• Hawaii will become the first state to have changed their Exchange Type status three times. They went from being a terribly-run full State-Based exchange in 2014 and 2015, to a FF-SBM in 2016 (ie, their own exchange board but using HC.gov for the tech platform), to completely giving up on running any of the operational stuff themselves and joining the 3 dozen other fully FFMs (Federally-Facilitated Marketplaces).
  • Apparently HMSA resubmitted a lowered rate request, from their original 43.3% to 35% (not a huge drop but welcome nonetheless):

MISSOURI: When I first ran the numbers for Missouri back in June, the SERFF filing data made no sense whatsoever, especially for Coventry, which had about a dozen different separate listings with massive enrollment numbers for many of them. According to official CMS data and Mark Farrah Associates, as of March, Missouri had around 250K enrolled via the exchange and another 120K or so enrolled in off-exchange individual markets, for a total of around 370K. However, here's what it looked like according to the filings:

Norris found this really weird as well and asked about it, but according to her...

  • While both Aetna/Coventry and United/All-Savers are dropping off the exchange, Aetna/Coventry will still be available off-exchange.
  • Both BCBS of KS and Anthem BCBS/Healthy Alliance have resubmitted higher average rate hikes than I had found (29% and 20.6% respectively, vs. 22.5% and around 8% earlier)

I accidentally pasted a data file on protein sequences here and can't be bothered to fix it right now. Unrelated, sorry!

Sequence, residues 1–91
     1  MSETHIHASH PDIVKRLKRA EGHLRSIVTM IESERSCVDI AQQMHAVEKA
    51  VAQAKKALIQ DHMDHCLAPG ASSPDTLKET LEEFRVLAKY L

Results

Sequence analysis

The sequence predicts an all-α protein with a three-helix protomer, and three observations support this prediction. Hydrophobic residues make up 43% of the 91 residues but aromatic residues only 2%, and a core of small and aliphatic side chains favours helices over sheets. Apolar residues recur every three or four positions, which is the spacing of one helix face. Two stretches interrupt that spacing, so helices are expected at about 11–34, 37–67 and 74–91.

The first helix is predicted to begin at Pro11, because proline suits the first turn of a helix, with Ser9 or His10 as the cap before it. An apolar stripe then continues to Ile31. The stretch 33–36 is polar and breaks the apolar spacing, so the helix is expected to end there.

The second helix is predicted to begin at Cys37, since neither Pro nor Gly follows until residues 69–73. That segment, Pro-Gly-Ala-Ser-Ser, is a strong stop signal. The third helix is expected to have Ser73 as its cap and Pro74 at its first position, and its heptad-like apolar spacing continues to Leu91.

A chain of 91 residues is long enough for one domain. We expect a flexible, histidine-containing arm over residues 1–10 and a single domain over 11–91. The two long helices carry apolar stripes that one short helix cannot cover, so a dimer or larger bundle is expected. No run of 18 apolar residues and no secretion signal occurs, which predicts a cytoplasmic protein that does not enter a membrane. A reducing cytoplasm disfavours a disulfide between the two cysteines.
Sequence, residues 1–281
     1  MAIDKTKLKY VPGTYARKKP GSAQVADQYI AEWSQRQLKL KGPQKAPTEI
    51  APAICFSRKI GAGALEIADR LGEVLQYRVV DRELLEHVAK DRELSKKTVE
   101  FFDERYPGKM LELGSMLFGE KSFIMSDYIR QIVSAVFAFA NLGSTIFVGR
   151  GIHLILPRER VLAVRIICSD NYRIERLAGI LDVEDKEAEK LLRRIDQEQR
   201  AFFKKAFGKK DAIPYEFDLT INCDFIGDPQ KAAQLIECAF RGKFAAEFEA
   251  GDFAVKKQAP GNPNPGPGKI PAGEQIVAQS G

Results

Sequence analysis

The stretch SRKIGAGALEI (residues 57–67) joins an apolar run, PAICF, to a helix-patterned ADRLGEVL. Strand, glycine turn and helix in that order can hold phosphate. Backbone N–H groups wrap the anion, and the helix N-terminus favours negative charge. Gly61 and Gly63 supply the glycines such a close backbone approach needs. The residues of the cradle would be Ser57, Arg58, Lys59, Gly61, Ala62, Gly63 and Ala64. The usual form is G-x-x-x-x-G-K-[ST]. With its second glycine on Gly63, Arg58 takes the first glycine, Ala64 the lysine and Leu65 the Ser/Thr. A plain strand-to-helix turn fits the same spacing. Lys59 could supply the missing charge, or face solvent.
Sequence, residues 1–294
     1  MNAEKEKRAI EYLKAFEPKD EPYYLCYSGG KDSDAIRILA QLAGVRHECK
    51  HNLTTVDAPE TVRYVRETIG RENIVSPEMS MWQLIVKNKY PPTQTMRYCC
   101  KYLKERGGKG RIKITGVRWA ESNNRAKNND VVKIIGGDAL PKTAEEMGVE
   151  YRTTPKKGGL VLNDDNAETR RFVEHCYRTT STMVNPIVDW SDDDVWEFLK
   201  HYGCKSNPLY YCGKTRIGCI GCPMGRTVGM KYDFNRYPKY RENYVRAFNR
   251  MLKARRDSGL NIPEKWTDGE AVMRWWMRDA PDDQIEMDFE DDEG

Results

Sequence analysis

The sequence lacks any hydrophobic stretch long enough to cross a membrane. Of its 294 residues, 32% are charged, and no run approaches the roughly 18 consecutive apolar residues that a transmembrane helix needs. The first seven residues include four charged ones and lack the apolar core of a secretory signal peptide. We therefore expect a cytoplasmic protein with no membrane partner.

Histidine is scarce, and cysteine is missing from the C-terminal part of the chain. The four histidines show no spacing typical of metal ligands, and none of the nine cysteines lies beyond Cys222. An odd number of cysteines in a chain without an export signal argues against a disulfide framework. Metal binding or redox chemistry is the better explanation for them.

When the proposed rates were initially published, Coventry—including both Coventry Health & Life as well as Coventry Health & Life Insurance Company—seemed to have a much higher that expected number of enrollees. I talked with the Missouri Department of Insurance about this, and they said that the size of the individual market has “exploded” in Missouri, and that Coventry had picked up a disproportionate number of the new enrollees, since their rates have been among the lowest in the state.

OK, so they confirm that Coventry's huge numbers are likely legitimate...but still, a near tripling of the individual market in one year? Plus, that would mean that Mark Farrah's 120K off-exchange estimate is way off (to the tune of around 650,000 people!) So...the mystery continues.

Meanwhile, MO's weighted average has now increased from 16% to 22.3% due to the higher resubmissions:

OKLAHOMA: OK only has a few carriers on the indy market total; here's what I had the state down as in early June:

Updates via Norris:

  • The only major change is an ugly one: Blue Cross Blue Shield of OK, which was already looking for an ugly 51% average rate hike, resubmitted this to a whopping 76%. Ouch.

WEST VIRGINIA: In early August, I had West Virginia looking like so:


Like Oklahoma, Norris reports only one significant update for WV: CareSource appears to have beefed up their request from 39.3% to 49.8%, resulting in the statewide average moving up another 9 points:

So, what sort of impact do all 7 of these state updates have on my national spreadsheet? Well, not much, actually. Remember that all of these states combined make up only around 24.7 million people, so their impact nationally is pretty small. Plus, the weighted average either stayed the same or even went down for some of them, cancelling out some of the increases for the other states. Still, it does move the requested rate hike needle up a bit...from around 24.3% to 24.6%.